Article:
Horses have a very long digestive tract (small intestine of 25 meters!) and a very large size (colon and caecum of 30 to 40 liters) particularly free in the belly. They are therefore predisposed to digestive pain (colic).
Approximately 90% of colic will be treated medically (kerosene oil, infusion), but in some cases surgery is necessary to save the horse’s life. The small intestine can be twisted, strangulated (by a lipoma for example) or herniated (inguinal in stallions).
Sometimes, a resection of a portion of the intestine is necessary. As the colon is relatively free in the belly, it can move around the cecum or between the spleen and the kidney (nephro-splenic entanglement). Surgery allows for repositioning and emptying. Thanks to the evolution of diagnostic techniques (ultrasound, determination of lactates in the abdominal fluid, etc.), the choice of candidates for surgery is better oriented. The evolution of anesthetic techniques (ventilation, control of hypovolemia and acid-base disorders) has also considerably improved the prognosis of colic, which was once so dreaded.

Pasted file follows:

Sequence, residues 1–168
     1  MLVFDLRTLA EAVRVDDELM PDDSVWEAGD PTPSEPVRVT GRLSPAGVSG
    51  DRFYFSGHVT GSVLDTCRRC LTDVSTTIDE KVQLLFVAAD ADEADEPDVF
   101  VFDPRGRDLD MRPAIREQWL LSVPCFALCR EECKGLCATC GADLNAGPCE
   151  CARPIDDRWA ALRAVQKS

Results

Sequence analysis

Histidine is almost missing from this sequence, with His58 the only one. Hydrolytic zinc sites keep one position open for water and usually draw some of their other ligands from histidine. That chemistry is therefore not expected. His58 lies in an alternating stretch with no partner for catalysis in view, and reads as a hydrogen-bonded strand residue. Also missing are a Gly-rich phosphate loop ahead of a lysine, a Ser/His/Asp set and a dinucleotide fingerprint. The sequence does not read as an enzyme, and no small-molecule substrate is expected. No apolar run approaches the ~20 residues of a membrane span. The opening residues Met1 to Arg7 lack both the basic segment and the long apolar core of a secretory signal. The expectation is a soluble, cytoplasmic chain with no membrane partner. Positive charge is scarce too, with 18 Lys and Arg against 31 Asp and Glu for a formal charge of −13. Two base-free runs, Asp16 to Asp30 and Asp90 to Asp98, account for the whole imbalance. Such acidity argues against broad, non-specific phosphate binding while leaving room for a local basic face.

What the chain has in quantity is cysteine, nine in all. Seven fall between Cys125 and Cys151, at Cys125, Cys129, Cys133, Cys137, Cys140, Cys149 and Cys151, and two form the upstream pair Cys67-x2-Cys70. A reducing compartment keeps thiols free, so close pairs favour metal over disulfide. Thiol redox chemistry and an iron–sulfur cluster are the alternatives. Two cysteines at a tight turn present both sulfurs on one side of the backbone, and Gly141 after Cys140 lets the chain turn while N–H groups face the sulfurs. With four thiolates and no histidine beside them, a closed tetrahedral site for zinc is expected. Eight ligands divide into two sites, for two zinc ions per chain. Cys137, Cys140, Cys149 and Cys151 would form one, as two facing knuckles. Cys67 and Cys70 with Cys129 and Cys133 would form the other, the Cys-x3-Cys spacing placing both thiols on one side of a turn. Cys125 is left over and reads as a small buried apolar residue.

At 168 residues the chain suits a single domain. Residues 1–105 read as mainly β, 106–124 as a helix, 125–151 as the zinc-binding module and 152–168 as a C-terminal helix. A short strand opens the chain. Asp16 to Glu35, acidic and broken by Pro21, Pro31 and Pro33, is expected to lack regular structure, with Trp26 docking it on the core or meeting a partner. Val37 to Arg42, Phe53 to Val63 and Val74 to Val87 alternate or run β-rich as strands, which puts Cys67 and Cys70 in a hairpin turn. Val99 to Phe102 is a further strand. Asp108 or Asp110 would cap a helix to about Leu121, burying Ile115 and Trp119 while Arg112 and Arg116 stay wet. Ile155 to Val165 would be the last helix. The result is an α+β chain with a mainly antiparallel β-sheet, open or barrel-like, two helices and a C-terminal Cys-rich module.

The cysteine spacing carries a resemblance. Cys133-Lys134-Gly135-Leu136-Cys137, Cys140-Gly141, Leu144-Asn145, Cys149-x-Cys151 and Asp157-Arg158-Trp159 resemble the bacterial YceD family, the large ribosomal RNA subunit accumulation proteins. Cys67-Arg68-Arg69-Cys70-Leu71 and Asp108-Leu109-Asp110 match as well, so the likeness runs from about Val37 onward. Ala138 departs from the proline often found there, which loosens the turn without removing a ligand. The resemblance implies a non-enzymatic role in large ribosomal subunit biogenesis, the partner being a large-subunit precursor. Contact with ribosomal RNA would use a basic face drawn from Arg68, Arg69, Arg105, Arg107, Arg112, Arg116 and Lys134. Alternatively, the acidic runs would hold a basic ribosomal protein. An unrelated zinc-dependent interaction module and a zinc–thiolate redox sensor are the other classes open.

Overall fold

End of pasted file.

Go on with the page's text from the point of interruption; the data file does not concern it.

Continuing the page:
Foals often have hernias in the umbilicus. These usually recede in the first months of the foal. However, if they persist or are large, surgery is recommended to prevent small bowel herniations which can be catastrophic.